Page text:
– Studies reinforce Astellas commitment to overcoming critical shortage of new antimicrobial agents –
Munich, 1 April 2007 – Study results presented at the 17th European Congress of Clinical Microbiology and Infectious Diseases (ECCMID) show that the antibiotic telavancin, and the antifungal micafungin, both have the potential to meet a significant unmet need in the fight against serious hospital-acquired infections (HAIs).
Hospital-acquired, or nosocomial infections, are one of the leading causes of death and increased morbidity amongst patients in a hospital setting. Estimates suggest that HAIs cost the UK economy £1 billion a year. The greatest contributor to this cost is the increased length of hospital stay for patients with infection. , ,
Data presented from ATLAS 1 and ATLAS 2, two multinational phase 3 studies, show that telavancin was found to be effective for the treatment of patients with complicated skin and skin structure infections (cSSSIs), including those caused by Gram-positive organisms, including methicillin-resistant Staphylococcus aureus (MRSA). ,
The results of the two double blind parallel studies, in which 1,867 patients were treated, showed that telavancin compared favorably to standard therapy in clinical cure, microbiological eradication, and overall therapeutic response rates. The safety profile of telavancin in these studies was compatible with treatment of patients with serious infections due to resistant bacteria.
Commenting on the study results, investigator Professor M Stryjewski, Duke Clinical Research Institute, Durham, North Carolina, USA said, “Antibiotic resistant bacterial infections are an emerging issue in hospitals and there is a real risk that we are fast running out of effective treatment options. The results of ATLAS 1 and ATLAS 2 demonstrate that telavancin may offer a new option in our fight against serious bacterial infections”.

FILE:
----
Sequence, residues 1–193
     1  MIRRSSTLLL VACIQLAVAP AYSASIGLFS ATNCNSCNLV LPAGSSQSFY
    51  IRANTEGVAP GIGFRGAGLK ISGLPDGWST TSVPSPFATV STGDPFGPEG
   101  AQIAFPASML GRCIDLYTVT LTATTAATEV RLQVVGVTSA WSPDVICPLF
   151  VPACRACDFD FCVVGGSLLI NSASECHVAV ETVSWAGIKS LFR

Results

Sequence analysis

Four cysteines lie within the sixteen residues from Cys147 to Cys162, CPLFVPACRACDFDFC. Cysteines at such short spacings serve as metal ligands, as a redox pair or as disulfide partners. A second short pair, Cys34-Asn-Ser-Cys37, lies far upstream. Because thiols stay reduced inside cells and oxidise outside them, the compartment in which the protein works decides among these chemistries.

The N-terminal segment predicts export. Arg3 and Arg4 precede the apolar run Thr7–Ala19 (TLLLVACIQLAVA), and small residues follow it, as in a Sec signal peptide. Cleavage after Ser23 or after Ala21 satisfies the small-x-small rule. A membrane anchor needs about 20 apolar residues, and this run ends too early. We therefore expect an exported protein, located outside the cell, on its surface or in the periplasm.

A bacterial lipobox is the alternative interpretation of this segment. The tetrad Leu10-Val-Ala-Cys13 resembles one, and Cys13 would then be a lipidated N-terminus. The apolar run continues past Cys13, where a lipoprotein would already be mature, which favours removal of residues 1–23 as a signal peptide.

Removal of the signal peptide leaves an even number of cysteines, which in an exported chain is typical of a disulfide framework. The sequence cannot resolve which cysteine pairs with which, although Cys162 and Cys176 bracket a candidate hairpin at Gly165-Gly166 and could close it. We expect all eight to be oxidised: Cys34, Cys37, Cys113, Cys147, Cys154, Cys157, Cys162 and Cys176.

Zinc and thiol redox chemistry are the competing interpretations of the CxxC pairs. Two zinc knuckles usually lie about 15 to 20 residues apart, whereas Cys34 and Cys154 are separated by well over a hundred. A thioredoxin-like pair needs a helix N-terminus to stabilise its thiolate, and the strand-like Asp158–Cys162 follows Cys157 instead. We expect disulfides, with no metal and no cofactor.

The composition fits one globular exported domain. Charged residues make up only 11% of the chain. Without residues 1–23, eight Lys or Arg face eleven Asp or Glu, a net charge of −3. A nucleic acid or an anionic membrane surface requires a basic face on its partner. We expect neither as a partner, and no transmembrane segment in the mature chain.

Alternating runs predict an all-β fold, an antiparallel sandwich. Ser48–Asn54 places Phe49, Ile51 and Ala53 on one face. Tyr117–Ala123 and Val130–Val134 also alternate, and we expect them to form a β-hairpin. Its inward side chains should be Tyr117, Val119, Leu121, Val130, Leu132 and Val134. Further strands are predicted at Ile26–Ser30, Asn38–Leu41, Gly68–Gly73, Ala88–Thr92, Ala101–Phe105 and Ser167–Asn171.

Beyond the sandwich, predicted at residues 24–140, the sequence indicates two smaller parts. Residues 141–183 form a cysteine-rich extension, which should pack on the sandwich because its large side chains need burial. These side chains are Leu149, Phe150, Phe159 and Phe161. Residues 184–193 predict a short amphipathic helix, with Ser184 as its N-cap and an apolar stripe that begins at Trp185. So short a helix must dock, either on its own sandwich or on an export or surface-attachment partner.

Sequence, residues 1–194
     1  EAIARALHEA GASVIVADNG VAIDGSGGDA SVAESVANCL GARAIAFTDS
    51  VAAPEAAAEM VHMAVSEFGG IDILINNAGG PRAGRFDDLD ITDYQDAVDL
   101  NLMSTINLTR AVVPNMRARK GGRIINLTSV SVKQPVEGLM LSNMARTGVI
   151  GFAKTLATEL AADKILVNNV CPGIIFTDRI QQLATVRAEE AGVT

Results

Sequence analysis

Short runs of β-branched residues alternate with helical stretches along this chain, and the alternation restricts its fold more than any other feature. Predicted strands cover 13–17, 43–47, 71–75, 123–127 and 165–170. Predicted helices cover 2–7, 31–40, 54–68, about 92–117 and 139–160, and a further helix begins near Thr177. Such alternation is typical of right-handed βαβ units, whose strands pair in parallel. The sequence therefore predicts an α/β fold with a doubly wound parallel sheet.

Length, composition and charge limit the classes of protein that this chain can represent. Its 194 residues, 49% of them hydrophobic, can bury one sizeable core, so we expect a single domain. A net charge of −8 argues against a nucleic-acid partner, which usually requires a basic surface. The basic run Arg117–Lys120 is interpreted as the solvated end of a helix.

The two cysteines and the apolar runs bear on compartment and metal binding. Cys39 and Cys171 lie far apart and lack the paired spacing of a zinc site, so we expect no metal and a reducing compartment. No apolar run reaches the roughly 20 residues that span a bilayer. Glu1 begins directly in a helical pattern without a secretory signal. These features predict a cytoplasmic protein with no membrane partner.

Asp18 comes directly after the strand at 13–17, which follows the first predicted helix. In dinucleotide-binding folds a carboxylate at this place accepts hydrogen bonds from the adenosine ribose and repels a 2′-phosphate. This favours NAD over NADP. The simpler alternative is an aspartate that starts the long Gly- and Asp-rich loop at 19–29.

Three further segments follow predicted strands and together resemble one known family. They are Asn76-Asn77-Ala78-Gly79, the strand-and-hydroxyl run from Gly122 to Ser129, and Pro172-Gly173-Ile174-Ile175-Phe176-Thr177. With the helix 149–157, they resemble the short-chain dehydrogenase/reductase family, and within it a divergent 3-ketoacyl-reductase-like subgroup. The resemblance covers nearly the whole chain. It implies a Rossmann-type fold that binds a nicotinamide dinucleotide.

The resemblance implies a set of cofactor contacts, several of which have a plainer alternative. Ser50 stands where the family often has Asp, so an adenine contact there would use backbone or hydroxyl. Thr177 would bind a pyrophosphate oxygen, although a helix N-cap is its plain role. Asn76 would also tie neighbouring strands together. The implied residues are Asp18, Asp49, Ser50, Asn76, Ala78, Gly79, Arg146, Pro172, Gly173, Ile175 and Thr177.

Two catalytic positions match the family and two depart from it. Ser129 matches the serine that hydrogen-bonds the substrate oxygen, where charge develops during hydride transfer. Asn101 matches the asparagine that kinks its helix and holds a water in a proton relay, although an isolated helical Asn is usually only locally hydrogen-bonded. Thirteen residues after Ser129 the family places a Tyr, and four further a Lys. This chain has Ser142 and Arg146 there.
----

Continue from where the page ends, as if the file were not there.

Telavancin is currently undergoing regulatory review at the U.S. Food and Drug Administration (FDA). Telavancin is a novel, rapidly bactericidal lipoglycopeptide with activity against important Gram-positive bacteria. Telavancin possesses a unique, multivalent, multifunctional mode of action that inhibits bacterial cell wall synthesis and disrupts the functional integrity of the bacterial cell membrane.
Micafungin data presented show that micafungin demonstrates broad-spectrum efficacy against Candida infections. More specifically data showed that in adult patients with deep, invasive Candida, micafungin was associated with efficacy comparable to established treatments, liposomal amphotericin B (L-AmB) and intravenous caspofungin, and that there were significant safety advantages of micafungin over L-AmB in terms of a difference in acute infusion related reactions and Estimated Glomerular Filtration Rate (eGFR). Data presented also showed that in paediatric patients with invasive candidiasis or candidaemia, micafungin was as effective as standard therapy with AmBisome® (L-AmB), with fewer patients experiencing treatment-related adverse events and fewer discontinuations.
Micafungin is currently undergoing clinical evaluation at the EMEA. Micafungin is licensed in the US for the treatment of oesophageal candidiasis and for the prophylaxis of fungal infections caused by Candida in patients who are undergoing a haematopoietic stem cell transplant.
Commenting on the data presented at ECCMID, Dr John Bolodeoku, European Senior Medical Director, Astellas Pharma Inc. said, “Effective prevention and treatment strategies for serious hospital acquired infections represent a significant challenge in healthcare. Astellas look forward to supporting healthcare professionals in their fight against these often fatal infections”.